Propolis is a resinous substance generated by bees using materials from various plant sources. It has been known to exhibit diverse bioactivities including anti-oxidative, anti-microbial, anti-inflammatory, and anti-cancer effects. However, the direct molecular target of propolis and its therapeutic potential against skin aging in humans is not fully understood. Herein, we investigated the effect of propolis on ultraviolet (UV)-mediated skin aging and its underlying molecular mechanism. Propolis suppressed UV-induced matrix metalloproteinase (MMP)-1 production in human dermal fibroblasts. More importantly, propolis treatment reduced UV-induced MMP-1 expression and blocked collagen degradation in human skin tissues, suggesting that the anti-skin-aging activity of propolis can be recapitulated in clinically relevant conditions. While propolis treatment did not display any noticeable effects against extracellular signal-regulated kinase (ERK), p38, and c-jun N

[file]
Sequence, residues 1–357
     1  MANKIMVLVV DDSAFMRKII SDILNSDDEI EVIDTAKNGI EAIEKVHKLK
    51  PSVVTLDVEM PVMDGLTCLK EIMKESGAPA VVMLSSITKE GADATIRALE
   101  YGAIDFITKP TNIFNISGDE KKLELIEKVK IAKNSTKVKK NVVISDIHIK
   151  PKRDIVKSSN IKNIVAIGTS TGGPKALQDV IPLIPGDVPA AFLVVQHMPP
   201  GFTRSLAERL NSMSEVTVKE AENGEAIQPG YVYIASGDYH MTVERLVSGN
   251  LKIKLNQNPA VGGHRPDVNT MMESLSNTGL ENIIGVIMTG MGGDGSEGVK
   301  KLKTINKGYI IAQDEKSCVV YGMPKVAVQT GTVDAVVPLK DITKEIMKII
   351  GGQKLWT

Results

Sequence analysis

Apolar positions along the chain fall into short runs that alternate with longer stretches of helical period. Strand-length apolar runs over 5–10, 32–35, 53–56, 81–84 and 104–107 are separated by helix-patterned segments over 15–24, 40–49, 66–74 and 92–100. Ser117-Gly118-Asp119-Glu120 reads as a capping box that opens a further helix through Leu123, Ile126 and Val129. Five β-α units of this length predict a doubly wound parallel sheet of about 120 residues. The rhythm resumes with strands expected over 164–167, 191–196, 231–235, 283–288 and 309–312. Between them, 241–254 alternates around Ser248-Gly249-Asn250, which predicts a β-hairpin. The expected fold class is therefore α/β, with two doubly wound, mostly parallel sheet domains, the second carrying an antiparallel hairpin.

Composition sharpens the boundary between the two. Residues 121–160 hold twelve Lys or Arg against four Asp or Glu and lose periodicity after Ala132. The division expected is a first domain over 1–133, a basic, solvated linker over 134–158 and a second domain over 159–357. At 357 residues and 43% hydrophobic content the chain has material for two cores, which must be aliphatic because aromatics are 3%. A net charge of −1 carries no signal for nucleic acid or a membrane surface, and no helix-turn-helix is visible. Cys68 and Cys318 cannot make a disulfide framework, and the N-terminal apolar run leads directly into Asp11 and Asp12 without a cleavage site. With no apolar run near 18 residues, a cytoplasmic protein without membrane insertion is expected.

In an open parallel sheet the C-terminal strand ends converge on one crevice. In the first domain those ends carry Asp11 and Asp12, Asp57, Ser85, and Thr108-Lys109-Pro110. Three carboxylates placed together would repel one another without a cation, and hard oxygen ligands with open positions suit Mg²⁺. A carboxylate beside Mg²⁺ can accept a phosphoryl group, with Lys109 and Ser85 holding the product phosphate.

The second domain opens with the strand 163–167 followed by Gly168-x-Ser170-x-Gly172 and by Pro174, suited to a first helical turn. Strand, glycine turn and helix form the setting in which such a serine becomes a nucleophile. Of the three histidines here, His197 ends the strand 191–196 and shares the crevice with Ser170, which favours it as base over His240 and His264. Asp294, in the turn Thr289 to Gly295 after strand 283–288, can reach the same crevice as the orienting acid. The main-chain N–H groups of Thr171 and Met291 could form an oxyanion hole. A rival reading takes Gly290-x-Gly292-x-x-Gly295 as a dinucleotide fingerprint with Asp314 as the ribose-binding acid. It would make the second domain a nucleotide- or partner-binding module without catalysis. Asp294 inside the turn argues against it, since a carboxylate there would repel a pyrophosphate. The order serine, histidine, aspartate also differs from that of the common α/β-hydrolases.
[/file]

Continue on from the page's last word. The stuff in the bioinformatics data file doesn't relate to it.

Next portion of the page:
-terminal kinase (JNK) pathways, propolis exerted significant inhibitory activity specifically against phosphorylations of phosphoinositide-dependent protein kinase-1 (PDK1) and protein kinase B (Akt). Kinase assay results demonstrated that propolis can directly suppress phosphoinositide 3-kinase (PI3K) activity, with preferential selectivity towards PI3K with p110α and p110δ catalytic subunits over other kinases. The content of active compounds was quantified, and among the compounds identified from the propolis extract, caffeic acid phenethyl ester, quercetin, and apigenin were shown to attenuate PI3K activity. These results demonstrate that propolis shows anti-skin-aging effects through direct inhibition of PI3K activity.
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